The Variation in Similarity to Neanderthal among African Populations is Correlated with Variation in Recent Gene Flow from Non-African Populations

The differences in D statistics among sub-Saharan African comparisons are considerably lower than those found in comparisons involving pairs of sub-Saharan African and non-African genomes. Three scenarios could explain this difference. First, if model ii is true, a lower D value between African populations is expected if there has been gene exchange among African populations since the time of introgression from Neanderthal-like genomes and if this African gene exchange did not affect the population that gave rise to the OOA migration. This would leave the non-African populations showing higher contrasts with African populations (i.e., more extreme D values) and modest D values among some pairs of African populations. Second, if the model ii is true, then a low value of D between sub-Saharan African populations may be expected because the timing of Neanderthal-like introgression would have been longer ago, when the Neanderthal ancestors were more closely related to the sub-Saharan AMH populations present at that time. However, this explanation would not explain why Green et al. (2010) observed larger values of D between non-African and sub-Saharan African populations. Third and finally, the model ii may be false, and the cause of low but varying D values between African populations is the result of varying amounts of recent introgression into sub-Saharan African populations from non-African populations. Under this view, the original model of Neanderthal introgression into non-African genomes (fig. 1A, model i) is correct, and varying amounts of recent introgression into Africa would have introduced these Neanderthal alleles into some African populations more than others.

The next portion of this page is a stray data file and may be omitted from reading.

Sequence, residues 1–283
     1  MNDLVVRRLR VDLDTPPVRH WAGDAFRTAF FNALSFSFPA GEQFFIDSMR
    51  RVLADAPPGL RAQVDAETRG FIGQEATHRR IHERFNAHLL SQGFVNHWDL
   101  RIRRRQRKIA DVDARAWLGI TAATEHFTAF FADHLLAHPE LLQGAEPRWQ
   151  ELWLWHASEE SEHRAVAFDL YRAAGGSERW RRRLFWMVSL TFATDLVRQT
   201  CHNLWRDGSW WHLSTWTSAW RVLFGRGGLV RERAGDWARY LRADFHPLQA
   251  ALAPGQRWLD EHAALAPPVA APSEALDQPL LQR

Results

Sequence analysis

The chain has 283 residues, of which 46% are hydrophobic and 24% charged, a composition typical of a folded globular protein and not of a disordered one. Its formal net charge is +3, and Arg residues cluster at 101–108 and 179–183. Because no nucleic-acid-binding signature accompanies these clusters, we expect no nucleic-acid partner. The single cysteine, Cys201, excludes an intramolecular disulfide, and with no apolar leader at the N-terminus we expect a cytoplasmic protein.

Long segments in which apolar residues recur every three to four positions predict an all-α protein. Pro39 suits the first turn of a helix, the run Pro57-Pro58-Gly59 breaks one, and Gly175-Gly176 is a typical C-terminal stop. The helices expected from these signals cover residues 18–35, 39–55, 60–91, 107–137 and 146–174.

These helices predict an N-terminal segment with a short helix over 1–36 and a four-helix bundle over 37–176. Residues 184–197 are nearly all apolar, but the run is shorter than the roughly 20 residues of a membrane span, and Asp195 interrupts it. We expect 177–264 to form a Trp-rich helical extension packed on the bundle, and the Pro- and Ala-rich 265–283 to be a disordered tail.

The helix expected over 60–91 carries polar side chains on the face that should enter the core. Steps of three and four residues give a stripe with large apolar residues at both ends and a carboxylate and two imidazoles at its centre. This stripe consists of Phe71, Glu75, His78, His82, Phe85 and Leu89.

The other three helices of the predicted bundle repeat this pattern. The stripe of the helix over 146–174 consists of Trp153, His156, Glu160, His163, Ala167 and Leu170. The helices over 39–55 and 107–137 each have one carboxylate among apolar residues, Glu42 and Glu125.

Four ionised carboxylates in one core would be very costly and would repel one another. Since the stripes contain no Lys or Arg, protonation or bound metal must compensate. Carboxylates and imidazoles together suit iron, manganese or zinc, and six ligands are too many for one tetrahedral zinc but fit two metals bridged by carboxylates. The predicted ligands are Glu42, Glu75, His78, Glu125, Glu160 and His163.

To examine this last scenario, we determined the relationship between the D statistics and the mixed ancestry of sub-Saharan Africans. We used the program ADMIXTURE to determine genetic ancestry of all 63 individuals in this study. ADMIXTURE assumes that each individual is drawn from an admixed population with contributions from a set number of ancestral populations (Alexander et al. 2009). Because we are estimating the amount of European or Asian ancestry in sub-Saharan individuals, the program was run with k = 3 populations, corresponding to the three major continents, Africa, Europe, and Asia, where individuals in our data set were collected. On average, ASW, Sandawe, and MKK individuals show more than 16% non-African ancestry in the analysis (fig. 3). Overall, the estimated amount of non-African admixture in African populations is highly correlated with their D statistics (r = 0.93, P = 0.002, table 2). This high correlation supports the explanation that recent admixture with non-Africans had introduced Neanderthal alleles into some African populations more than others. It should be noted that although ADMIXTURE predicts the contribution of three putative ancestral populations in each individual genome, the contribution could be indirect. For example, as noted in Tishkoff et al. (2009), MKK and Sandawe might not have large amounts of Eurasian ancestry. They have large amounts of Cushitic ancestry which originated in Ethiopia, and those populations are more genetically similar to the non-Africans and may have experienced gene flow (Tishkoff et al. 2009). So the non-African ancestry predicted in these populations could be through indirect contribution from their ancestral populations.

Fig. 3.